Saturday, November 28, 2009

Neighbours uneasy with cheaper dong

But measures seen as only temporary relief


Vietnam's decision to devalue its currency by 5% this week is likely to have a major impact on neighbouring countries, an expert on the country said.

"It is very attractive destination for investments and now it has just made itself more attractive," noted Wittaya Supatanakul, a retired general manager of Bangkok Bank's Vietnam office and now adviser to the Board of Investment's CLMV (Cambodia, Laos, Myanmar, Vietnam) projects.

Vietnam, one of the main competitors of Thailand, on Wednesday announced that it was devaluing its currency and raising interest rates.

Vietnam's central bank said the devaluation and the increase in the policy interest rate by 100 basis points to 8% was necessary to relieve the pressure on the dong and protect foreign reserves.

The State Bank of Vietnam devalued the dong by 5.4%, effective on Thursday, resetting the US dollar reference rate to 17,961 dong from its current level of 17,034 dong.

"This is not good news for Thailand, as there are various sectors in which Thailand is a direct competitor to Vietnam; namely, the garment, textile and footwear industries," Mr Wittaya said.

Other sectors such as agriculture and food processing could be hurt as well because Thailand and Vietnam compete in the global market for exports.

Santi Vilassakdanont, chairman of the Federation of Thai Industries (FTI), said Thailand's exports could be hurt, especially rice, in which Vietnam is running neck-and-neck with Thailand to become the world's largest exporter.

He said that foreign investors may also turn to Vietnam instead of Thailand since costs would be cheaper, he said.

Finance Minister Korn Chatikavanij, however, disagreed, saying that the dong devaluation would not lead to Thailand changing its monetary policy as the impacts were going to be very limited.

He explained that Thai goods were of higher quality and are therefore less susceptible to potential impacts. Citing a similar move by the Vietnamese authorities in 2008, Mr Korn said Thai exports were barely affected.

Mr Wittaya said the impacts on rice and marine products would be very limited as rice prices are now determined by global demand and the marine products Vietnam is exporting serve the lower end of the market, although some of the Thai exports compete in this segment.

Despite the devaluation news, latest reports suggest that the dong was trading at between 19,600 and 19,800 to the US dollar.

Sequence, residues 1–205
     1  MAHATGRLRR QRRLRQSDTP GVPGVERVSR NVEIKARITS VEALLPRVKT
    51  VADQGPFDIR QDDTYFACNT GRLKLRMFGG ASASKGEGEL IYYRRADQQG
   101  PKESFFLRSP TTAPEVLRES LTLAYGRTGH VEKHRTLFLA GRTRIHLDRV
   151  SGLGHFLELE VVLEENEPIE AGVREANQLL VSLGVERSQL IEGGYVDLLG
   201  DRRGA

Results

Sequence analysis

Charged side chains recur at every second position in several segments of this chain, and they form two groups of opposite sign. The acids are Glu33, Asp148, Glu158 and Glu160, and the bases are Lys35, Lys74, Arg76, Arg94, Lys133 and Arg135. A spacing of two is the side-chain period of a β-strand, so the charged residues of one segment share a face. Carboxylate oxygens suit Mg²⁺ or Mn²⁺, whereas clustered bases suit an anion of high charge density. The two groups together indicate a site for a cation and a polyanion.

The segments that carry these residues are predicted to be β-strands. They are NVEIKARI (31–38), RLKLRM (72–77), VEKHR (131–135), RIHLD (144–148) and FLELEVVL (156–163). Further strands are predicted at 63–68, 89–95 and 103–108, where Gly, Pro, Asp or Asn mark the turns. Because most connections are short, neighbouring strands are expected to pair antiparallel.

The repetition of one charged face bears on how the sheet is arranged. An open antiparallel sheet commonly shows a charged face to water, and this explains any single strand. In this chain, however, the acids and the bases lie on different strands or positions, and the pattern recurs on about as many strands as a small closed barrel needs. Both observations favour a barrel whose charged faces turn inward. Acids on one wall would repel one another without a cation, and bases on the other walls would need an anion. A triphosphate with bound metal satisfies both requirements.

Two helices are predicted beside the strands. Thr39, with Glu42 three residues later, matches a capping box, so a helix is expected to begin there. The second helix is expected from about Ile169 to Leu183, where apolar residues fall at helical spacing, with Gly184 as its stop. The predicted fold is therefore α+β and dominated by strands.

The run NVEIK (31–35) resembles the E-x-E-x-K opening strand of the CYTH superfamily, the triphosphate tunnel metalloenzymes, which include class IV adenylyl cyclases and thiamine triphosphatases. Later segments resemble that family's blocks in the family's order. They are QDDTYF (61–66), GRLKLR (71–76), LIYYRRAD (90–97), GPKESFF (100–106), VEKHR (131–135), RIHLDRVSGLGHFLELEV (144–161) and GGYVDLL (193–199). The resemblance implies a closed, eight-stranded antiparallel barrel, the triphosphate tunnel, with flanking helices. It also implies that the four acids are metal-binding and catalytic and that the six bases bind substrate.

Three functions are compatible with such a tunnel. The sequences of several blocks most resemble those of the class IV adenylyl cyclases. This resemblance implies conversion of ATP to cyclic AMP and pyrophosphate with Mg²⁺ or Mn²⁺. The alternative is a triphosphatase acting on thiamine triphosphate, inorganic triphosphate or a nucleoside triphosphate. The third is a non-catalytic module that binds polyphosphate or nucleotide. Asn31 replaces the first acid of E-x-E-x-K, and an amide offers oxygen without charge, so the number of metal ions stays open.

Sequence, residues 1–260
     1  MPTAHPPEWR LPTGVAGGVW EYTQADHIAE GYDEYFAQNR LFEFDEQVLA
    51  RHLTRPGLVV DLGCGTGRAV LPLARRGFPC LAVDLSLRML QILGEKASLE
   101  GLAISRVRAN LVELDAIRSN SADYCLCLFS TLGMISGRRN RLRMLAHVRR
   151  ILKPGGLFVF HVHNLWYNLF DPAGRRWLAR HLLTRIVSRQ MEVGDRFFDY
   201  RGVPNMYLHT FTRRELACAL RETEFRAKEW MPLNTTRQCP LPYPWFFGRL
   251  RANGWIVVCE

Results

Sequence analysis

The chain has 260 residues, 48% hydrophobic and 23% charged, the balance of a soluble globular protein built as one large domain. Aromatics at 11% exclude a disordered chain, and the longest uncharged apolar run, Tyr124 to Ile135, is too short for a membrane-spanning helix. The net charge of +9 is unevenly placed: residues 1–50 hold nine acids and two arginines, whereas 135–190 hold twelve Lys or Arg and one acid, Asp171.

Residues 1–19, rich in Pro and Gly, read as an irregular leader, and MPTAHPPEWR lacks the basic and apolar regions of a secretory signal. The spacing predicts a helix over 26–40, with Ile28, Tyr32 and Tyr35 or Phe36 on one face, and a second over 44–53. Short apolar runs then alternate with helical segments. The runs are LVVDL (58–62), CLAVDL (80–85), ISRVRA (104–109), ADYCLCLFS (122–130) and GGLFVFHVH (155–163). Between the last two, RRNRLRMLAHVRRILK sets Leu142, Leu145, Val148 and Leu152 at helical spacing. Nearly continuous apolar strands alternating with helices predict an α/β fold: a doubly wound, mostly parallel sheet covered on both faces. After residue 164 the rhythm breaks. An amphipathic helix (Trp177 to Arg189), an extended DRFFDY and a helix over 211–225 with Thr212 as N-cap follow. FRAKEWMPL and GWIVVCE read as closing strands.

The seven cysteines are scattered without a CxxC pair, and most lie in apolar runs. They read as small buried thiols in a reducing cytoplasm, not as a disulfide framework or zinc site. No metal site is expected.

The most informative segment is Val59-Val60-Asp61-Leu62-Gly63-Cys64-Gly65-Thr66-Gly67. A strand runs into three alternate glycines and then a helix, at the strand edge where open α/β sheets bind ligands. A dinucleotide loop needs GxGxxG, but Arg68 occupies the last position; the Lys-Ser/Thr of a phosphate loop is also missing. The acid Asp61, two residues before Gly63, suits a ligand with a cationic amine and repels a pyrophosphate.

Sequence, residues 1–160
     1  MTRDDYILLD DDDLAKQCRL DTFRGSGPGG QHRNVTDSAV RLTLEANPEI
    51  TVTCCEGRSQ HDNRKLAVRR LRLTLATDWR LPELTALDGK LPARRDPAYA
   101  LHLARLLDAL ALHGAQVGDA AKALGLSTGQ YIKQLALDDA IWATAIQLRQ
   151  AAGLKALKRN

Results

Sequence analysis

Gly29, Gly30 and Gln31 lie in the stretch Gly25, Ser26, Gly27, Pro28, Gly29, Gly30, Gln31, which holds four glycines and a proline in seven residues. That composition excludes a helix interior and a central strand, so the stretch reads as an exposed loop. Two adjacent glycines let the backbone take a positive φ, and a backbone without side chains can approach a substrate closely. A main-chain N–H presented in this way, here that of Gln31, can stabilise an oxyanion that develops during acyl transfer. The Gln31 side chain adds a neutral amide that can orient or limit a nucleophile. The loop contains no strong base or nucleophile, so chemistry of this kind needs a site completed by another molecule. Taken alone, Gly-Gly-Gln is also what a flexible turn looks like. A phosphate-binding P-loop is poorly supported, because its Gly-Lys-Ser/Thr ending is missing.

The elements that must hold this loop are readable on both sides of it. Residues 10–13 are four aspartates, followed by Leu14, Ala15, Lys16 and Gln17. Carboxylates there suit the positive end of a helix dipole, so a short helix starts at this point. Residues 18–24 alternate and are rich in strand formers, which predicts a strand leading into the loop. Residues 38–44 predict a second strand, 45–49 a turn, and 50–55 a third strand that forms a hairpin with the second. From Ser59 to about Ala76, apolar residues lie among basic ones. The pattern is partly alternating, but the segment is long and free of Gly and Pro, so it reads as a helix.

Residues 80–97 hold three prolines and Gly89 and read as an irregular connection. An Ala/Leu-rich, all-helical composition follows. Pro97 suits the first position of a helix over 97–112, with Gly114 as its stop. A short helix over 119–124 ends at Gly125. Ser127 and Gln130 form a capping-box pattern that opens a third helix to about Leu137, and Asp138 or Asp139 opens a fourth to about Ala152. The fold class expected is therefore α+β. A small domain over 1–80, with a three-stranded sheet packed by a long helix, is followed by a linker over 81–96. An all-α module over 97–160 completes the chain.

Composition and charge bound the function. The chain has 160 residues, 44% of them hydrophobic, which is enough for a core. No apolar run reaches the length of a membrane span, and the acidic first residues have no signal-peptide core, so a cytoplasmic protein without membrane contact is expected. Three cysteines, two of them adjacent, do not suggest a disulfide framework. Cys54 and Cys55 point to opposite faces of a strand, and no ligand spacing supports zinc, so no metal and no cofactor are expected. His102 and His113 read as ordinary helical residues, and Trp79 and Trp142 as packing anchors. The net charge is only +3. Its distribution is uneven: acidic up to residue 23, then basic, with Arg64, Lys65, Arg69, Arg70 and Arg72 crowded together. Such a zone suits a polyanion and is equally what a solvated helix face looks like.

The central bank also narrowed the trading band of the dollar against the dong to 3% from 5%. The move is Vietnam's third devaluation in two years.

Apart from this, the central bank will lift its benchmark interest rate to 8% from 7% from Dec 1.

"This move to raise the rates is going to have an impact on Vietnam but not too much as businesses there are already enjoying a 4% interest-rate subsidy from the government. This simply means the subsidy falls to 3%, and therefore the overall impact is minimal," Mr Wittaya said.

He added that the 4% subsidy was set to be halved to 2% next year.

Hanoi is offering the subsidy as part of the stimulus package to keep the economic growth going during the recent global financial crisis.

Yet economists pointed out that the new measures are likely to be only a temporary relief for the country.

"The SBV's (State Bank of Vietnam) moves may work temporarily, but as we have noted previously, inflation and the trade deficit are on the rise again, and the fiscal deficit and lack of institutional capacity are serious concerns," Matt Hildebrandt, an economist for JP Morgan said in a note to clients.

"Thus, even if these moves bring the official and unofficial dong rates closer together temporarily over the medium term, they will likely diverge again unless the government can effectively address the deterioration in the macroeconomic environment."

This move reflects the central bank's continued attempt to balance several economic objectives at once amid a weak policy framework and deteriorating economic fundamentals. The devaluation is aimed at making exports cheaper to support growth, reduce the trade deficit, and slow the pace of foreign exchange reserve losses, now reportedly down to US$16 billion from around $23 billion at the beginning of the year, he said.

The rise in the policy rate is aimed at restraining inflation, which just rose to 4.4% year-on-year in November, and slowing credit growth, which was already up 33% year-to-date in October compared to the full-year target of 30% in 2009.

The SBV seems to believe that by weakening the dong to a level closer to the unofficial rate, a more market-determined rate of around 20,000, tightening the band to 3% from 5% to show commitment to this new midpoint, and increasing domestic rates to support the currency at its new level, pressure on the dong to depreciate will diminish.

The interest-rate increase was its first move since lowering the base rate to 7% (from 8.5%) in January, and it makes the SBV the first central bank in emerging market Asia to lift interest rates.

"We expect inflation to rise further to around 10% year-on-year by mid-year, which will likely provoke further monetary tightening by the SBV in the first half of next year," Mr Hildebrandt said.

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